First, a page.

Citing anonymous sources, the The Wall Street Journal, indicated that Verizon Wireless managed to sell only about 500,000 of the first-ever touch-screen BlackBerry smart phones in its first month. The Storm became available on Nov. 21.
The BlackBerry Storm, which was seen as BlackBerry-maker Research In Motion (RIM) Ltd.'s official slap across the now-iconic iPhone's face, got off to a rocky start, with first-adopters facing technical bugs, software issues, operating system glitches and a host of other hurdles with the 3G device. Many of the problems were fixed with a December software update.
Further fueling the flames of the Storm's rumored failure, in Verizon's fourth-quarter earnings call Monday, the company glossed over the Storm, not revealing official sales figures or projections.
While 500,000 is a solid showing for one month, it pales in comparison to the Apple iPhone 3G's 2.4 million units sold in its first quarter.
What worked against Storm was RIM's frantic rush to get it into users' hands. It was originally planned to hit stores in October, but went back to the drawing board to right some software wrongs. The delays forced RIM to hustle to get the device in stores in time for the ever-important Black Friday shopping masses.
Despite hitting the crucial Black Friday deadline, it wasn't enough for the Storm to edge out the iPhone for touch-screen smart phone dominance, a market that has many device makers jockeying to be king of the mountain.
Shortly before the Storm hit the streets, T-Mobile and HTC joined the battle of the touch-screen titans, with the release of the first-ever open-source Google Android-based smart phone, the T-Mobile G1. Concrete sales figures for the G1 have also not been divulged.
The heated competition, however, didn't faze the Apple faithful, which helped put Apple and its iPhone higher up in the smart phone food chain. By some industry analyst accounts, the iPhone, which is exclusive to AT&T, has captured 25 percent or more of the overall North American smart phone market.
Together, the Storm and the iPhone 3G represent two of the coolest and most sought after smart phones of 2008 and their allure will likely carry on well into 2009. But there are sure to be more iPhone clones and potential iPhone killers trying to overthrow the king.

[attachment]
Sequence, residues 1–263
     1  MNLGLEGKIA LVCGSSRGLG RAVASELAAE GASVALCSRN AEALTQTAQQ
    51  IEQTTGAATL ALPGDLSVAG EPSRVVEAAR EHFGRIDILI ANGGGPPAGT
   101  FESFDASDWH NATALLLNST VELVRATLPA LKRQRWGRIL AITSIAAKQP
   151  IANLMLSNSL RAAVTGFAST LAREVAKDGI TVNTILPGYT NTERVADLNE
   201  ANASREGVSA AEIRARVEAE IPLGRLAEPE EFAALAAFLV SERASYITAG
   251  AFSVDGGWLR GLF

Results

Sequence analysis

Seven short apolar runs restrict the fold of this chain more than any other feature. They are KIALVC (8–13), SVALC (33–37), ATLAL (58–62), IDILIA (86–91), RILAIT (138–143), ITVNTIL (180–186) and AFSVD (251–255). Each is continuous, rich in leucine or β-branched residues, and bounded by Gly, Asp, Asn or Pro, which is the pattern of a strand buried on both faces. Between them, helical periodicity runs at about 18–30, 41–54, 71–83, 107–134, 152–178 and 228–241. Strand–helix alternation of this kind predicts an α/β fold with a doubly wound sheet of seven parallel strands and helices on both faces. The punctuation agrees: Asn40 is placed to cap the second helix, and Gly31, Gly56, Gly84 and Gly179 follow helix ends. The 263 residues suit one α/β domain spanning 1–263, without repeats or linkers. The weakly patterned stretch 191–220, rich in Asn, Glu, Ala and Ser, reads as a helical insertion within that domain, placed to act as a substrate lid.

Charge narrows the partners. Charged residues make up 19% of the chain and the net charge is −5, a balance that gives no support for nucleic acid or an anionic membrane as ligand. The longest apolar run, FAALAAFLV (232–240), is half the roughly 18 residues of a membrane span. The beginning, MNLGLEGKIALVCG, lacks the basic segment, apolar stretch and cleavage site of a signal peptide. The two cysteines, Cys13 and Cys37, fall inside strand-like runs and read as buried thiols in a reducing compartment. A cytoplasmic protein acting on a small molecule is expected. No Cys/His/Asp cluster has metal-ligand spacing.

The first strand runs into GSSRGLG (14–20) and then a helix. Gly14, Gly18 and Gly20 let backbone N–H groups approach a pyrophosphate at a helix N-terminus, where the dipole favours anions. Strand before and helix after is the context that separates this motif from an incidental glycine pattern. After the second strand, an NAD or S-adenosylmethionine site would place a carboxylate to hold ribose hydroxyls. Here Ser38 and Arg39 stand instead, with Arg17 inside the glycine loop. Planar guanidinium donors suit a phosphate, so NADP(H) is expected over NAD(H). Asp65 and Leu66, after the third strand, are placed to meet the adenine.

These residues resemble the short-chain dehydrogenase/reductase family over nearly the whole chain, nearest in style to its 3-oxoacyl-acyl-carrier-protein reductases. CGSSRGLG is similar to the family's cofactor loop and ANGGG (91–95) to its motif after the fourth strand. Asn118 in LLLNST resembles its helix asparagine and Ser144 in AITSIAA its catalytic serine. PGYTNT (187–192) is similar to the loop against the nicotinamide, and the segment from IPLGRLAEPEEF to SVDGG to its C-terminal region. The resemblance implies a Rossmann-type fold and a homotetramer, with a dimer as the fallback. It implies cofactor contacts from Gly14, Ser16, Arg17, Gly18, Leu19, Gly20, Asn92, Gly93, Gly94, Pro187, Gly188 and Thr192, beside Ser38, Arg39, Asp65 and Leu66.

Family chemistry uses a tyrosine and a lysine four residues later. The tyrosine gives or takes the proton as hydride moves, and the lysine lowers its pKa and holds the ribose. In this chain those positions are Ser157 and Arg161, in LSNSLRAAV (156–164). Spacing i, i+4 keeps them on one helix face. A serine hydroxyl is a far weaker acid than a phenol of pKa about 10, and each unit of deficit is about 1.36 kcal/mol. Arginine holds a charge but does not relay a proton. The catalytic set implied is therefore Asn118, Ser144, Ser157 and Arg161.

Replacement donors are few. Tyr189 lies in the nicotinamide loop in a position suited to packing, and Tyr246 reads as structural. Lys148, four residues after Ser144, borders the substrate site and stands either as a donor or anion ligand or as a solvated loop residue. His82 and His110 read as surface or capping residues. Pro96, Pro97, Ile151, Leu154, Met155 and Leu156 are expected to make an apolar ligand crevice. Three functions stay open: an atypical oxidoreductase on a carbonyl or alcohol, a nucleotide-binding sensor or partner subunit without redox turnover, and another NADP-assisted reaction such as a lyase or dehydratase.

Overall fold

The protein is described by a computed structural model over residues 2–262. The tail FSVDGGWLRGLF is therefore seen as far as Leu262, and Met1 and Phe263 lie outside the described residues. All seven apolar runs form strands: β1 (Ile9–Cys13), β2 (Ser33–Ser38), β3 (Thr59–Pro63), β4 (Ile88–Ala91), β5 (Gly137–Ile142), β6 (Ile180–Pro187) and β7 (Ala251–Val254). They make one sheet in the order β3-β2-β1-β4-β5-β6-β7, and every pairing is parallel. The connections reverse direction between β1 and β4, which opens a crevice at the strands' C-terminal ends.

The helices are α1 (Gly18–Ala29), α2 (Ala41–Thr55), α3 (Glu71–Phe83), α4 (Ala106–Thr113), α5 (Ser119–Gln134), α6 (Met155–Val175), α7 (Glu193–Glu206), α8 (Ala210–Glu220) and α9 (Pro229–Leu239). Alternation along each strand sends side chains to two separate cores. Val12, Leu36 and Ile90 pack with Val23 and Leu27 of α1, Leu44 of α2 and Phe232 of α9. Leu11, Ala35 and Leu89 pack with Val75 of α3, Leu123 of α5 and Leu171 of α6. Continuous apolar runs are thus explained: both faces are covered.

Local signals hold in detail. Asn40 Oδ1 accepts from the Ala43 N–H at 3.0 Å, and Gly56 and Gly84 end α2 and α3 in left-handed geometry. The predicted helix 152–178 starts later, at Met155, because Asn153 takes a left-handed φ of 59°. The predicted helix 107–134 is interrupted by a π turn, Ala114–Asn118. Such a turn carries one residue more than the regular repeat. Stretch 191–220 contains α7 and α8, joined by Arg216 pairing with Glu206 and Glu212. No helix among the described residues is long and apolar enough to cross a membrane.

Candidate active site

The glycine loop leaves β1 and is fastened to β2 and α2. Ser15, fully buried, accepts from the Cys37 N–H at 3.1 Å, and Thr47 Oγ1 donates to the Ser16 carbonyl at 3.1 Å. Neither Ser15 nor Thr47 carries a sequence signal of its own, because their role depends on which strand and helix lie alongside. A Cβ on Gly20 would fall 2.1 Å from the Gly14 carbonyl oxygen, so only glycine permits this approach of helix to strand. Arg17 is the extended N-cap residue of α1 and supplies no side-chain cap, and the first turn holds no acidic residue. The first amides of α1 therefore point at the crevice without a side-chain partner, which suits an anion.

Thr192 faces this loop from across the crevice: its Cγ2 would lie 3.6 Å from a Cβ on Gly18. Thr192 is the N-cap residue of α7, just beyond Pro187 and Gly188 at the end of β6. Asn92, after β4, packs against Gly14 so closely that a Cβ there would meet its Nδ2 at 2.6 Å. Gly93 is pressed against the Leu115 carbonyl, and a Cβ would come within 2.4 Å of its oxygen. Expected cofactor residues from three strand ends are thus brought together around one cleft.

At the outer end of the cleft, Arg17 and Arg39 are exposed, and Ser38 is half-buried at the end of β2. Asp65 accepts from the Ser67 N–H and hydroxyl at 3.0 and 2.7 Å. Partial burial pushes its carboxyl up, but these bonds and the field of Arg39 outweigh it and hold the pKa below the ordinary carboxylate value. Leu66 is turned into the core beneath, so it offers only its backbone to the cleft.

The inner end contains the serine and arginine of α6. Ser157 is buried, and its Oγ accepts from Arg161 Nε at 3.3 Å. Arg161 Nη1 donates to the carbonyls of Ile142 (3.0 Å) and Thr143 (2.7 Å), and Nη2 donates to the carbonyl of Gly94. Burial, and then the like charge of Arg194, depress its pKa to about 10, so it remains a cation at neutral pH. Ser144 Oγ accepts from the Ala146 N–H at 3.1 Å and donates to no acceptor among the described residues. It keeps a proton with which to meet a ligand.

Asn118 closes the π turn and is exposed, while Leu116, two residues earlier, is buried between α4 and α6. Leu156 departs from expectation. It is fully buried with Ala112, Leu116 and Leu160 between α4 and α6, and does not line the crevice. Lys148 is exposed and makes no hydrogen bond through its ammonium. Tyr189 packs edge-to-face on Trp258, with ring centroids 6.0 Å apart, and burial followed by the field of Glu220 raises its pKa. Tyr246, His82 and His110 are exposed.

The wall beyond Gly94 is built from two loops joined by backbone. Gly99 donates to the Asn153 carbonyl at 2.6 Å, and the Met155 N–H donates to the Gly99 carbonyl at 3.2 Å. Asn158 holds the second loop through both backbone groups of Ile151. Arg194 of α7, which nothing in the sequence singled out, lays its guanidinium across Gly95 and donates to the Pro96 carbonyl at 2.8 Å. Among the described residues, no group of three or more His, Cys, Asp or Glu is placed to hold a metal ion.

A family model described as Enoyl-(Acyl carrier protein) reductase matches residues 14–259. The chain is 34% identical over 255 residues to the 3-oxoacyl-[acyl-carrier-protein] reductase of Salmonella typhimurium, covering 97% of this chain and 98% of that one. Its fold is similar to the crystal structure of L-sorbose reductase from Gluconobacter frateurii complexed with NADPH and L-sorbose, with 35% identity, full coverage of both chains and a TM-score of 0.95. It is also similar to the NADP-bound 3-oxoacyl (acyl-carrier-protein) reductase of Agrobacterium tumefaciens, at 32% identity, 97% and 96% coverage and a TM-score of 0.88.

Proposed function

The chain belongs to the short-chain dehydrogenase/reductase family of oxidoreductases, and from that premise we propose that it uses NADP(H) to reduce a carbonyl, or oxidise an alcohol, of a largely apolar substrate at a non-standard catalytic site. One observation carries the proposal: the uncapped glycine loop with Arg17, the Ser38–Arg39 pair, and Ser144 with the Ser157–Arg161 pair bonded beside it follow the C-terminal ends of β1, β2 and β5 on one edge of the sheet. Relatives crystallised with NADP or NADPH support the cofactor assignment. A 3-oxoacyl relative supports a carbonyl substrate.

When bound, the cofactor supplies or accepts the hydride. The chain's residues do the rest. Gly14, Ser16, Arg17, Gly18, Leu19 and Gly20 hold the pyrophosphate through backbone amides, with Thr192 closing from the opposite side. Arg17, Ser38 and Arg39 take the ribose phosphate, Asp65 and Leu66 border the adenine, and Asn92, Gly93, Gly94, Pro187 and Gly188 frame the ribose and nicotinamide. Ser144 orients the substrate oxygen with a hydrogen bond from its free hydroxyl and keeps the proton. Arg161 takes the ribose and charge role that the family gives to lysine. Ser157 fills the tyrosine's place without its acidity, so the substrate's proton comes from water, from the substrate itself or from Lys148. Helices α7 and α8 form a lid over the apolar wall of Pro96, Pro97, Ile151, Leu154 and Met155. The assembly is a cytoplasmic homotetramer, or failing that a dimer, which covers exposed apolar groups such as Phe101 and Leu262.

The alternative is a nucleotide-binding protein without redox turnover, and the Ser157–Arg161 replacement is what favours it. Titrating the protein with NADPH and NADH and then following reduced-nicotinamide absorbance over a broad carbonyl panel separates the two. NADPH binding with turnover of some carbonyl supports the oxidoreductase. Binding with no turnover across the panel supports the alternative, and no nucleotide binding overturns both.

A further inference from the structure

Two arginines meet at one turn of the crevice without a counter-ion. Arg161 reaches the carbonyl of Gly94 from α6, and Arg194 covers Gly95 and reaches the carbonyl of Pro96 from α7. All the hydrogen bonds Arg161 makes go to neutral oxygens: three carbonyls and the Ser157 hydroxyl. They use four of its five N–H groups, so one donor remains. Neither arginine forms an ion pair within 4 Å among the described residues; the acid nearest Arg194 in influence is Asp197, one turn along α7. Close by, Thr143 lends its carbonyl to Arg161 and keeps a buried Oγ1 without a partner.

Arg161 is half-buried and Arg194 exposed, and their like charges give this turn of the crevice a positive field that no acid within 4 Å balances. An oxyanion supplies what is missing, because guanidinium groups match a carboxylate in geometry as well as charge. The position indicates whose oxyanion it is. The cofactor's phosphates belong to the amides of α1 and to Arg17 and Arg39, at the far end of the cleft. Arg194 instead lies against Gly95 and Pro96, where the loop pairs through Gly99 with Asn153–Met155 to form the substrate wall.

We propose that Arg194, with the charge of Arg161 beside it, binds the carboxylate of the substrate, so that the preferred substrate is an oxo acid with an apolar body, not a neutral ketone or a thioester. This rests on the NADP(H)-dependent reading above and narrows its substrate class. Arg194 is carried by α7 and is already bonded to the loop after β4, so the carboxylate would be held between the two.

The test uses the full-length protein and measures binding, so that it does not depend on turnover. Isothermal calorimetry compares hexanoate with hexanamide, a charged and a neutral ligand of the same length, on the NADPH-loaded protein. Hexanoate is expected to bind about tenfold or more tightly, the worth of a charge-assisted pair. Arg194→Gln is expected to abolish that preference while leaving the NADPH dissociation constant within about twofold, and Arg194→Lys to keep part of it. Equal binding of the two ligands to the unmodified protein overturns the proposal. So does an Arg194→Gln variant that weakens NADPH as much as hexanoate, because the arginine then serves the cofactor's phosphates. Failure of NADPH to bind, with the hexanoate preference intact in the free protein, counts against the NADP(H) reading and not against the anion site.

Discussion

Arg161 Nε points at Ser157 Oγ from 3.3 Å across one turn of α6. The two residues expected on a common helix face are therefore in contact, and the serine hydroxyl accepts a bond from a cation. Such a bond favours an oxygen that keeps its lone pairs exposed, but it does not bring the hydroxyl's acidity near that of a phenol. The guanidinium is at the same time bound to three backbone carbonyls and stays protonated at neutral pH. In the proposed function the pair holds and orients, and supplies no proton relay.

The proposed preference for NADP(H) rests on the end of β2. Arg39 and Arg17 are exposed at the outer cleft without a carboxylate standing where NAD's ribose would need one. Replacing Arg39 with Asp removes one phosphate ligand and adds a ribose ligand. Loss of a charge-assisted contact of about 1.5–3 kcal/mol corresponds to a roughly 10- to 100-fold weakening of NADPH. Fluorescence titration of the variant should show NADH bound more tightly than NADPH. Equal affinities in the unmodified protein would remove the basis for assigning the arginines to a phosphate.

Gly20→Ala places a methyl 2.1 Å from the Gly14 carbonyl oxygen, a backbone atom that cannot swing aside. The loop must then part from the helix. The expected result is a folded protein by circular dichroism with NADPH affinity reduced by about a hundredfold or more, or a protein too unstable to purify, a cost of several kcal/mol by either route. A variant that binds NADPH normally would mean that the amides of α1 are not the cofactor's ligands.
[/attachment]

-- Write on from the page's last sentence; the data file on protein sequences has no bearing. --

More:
Another damning blow against the Storm and other iPhone competitors came last week, when Apple won a U.S. patent for touch-screen controls, arming Steve Jobs and Apple with a new weapon against any touch-screen copycats looking to dethrone the iPhone. The patent office awarded Jobs and Apple U.S. Patent 7,479,949 for a method of "detecting one or more finger contacts with the touch-screen display," specifically multitouch commands like the swiping, twisting, pinching and rotating actions used on iPhones and iPod Touch devices.
And Apple will likely use the patent to its advantage. In Apple's stellar first-quarter earnings call the day following the patent victory, acting Apple CEO Tim Cook said, "We like competition, as long as they don't rip off our [intellectual property], and if they do, we're going to go after anybody that does. We will not stand for having our IP ripped off and we'll use whatever weapons we have at our disposal [to prevent that from happening]."
Cook made that comment after being asked specifically about Palm and the Palm Pre, a soon-to-be-released touch-screen Palm smart phone that has been christened as the latest iPhone killer. The Palm Pre was one of many marquis smart phones showcased at CES 2009 in Las Vegas earlier this month.
While Cook did not call out Palm specifically, the comments can be seen as a warning for any company, including BlackBerry, looking to rival Apple with a touch-screen device.
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